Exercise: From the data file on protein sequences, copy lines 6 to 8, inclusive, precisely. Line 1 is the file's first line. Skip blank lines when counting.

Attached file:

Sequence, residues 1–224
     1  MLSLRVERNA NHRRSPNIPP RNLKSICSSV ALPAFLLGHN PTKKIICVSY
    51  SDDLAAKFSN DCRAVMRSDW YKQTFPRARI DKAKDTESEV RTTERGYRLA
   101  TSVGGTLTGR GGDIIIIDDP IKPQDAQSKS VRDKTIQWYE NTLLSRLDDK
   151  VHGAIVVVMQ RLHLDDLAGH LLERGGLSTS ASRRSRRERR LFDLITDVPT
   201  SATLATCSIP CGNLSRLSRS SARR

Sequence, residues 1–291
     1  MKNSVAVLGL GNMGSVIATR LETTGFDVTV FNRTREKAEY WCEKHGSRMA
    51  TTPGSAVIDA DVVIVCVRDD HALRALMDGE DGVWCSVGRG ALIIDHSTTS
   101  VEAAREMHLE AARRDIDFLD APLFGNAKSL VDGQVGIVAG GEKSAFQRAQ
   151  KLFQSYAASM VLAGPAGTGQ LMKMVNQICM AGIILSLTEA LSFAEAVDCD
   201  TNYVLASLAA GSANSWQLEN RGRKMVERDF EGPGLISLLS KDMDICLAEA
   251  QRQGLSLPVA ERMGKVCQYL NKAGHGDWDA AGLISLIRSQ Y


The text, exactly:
   201  SATLATCSIP CGNLSRLSRS SARR

Sequence, residues 1–291
     1  MKNSVAVLGL GNMGSVIATR LETTGFDVTV FNRTREKAEY WCEKHGSRMA